Deputy D.A. Tricia Pummill began the Predatory Towing Task Force in the fall of 2005, when paralegal Eva Casey noticed a pattern in a rash of calls from vehicle owners complaining about towing violations and improprieties. When the D.A.’s office consulted with the SDPD, they realized the system was in limbo. The FAAAA had effectively taken the regulation of towing companies out of the hands of the states, but there was no set of federal towing regulations in place. The industry had fallen into a black hole of supervision. Eventually, Pummill says, less scrupulous elements in the industry began taking advantage of the paucity of oversight.

“During that period [of legal limbo], it became somewhat like the Wild West of towing,” Martin says. “Cities became afraid of regulating the towing industry—which had just won multiple big fights—because they were afraid of getting hit with liability. Once there’s no law in the town—and once the lawman’s scared of you—abuses tend to happen. You saw it in the Wild West, and you saw it in San Diego in the early 2000s. Towing companies were definitely emboldened because of the state of the law.”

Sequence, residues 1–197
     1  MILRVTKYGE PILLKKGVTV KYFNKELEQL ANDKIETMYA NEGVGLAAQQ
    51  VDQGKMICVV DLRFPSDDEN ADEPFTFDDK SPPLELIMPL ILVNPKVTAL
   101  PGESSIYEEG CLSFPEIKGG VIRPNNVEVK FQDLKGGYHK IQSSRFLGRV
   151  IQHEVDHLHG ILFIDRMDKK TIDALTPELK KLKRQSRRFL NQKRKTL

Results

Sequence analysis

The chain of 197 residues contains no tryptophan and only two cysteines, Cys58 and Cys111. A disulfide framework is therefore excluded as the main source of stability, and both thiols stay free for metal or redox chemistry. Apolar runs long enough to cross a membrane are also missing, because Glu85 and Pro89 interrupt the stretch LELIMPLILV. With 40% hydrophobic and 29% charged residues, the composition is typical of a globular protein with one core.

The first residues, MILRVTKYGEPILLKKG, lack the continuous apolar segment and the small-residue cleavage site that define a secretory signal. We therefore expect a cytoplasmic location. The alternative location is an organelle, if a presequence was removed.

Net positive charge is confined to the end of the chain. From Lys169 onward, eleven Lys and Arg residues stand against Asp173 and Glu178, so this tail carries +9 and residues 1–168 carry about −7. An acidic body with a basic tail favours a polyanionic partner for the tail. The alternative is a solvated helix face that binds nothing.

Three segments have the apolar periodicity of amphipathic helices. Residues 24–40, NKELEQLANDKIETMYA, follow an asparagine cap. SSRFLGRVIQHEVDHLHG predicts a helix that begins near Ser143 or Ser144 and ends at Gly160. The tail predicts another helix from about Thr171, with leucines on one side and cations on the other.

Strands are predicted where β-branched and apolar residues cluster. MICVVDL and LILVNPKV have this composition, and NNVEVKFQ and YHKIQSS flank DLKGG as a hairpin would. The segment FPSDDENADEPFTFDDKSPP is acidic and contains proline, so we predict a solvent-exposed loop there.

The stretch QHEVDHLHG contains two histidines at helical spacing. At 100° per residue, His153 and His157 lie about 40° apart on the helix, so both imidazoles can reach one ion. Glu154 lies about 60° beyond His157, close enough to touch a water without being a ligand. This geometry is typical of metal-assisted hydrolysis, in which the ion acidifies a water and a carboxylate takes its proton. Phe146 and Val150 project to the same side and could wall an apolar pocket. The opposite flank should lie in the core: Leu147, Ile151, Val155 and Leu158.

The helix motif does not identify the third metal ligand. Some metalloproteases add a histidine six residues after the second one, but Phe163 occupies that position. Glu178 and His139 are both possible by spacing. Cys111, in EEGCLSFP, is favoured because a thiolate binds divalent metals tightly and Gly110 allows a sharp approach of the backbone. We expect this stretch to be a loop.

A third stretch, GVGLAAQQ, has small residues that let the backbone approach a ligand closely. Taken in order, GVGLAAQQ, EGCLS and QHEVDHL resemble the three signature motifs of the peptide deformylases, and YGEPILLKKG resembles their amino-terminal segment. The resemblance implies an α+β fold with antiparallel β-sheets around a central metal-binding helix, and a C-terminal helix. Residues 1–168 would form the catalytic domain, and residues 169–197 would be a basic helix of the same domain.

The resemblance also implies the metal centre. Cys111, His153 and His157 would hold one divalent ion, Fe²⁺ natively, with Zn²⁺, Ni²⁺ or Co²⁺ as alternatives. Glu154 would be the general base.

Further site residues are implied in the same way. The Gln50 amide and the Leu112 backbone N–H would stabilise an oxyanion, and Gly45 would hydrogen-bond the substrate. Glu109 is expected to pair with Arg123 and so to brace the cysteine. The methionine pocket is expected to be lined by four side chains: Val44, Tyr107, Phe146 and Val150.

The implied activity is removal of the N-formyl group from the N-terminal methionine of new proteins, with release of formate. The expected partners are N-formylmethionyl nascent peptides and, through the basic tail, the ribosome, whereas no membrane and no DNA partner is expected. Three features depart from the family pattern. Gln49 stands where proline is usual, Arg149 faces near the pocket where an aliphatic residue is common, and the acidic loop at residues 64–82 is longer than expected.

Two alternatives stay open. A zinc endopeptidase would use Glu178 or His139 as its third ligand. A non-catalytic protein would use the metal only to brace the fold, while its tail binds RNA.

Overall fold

Things may have gone beyond the pale, but much of the current maneuvering is only an act in a larger show —part of a back-and-forth power struggle in the continuum of deregulation that started almost 30 years ago. While the D.A. is threatening more felony indictments of tow-truck drivers, McGovern claims there is a strategy currently in place to rechallenge California’s ban on patrol towing and bring the matter back to federal court.

“Nobody should be happy with the situation as it exists now,” Martin says. “You have towing companies abusing federal law in court, and you have cities abusing the loopholes to those laws to pretend that towing regulations are safety- oriented. It’s everyone just winking at the courts and seeing how much they can get away with. It’s reached a sort of equilibrium, but everybody still has a lot of ammunition left in their pockets. The world would be a much better place if the laws were rewritten so nobody had to abuse anything.”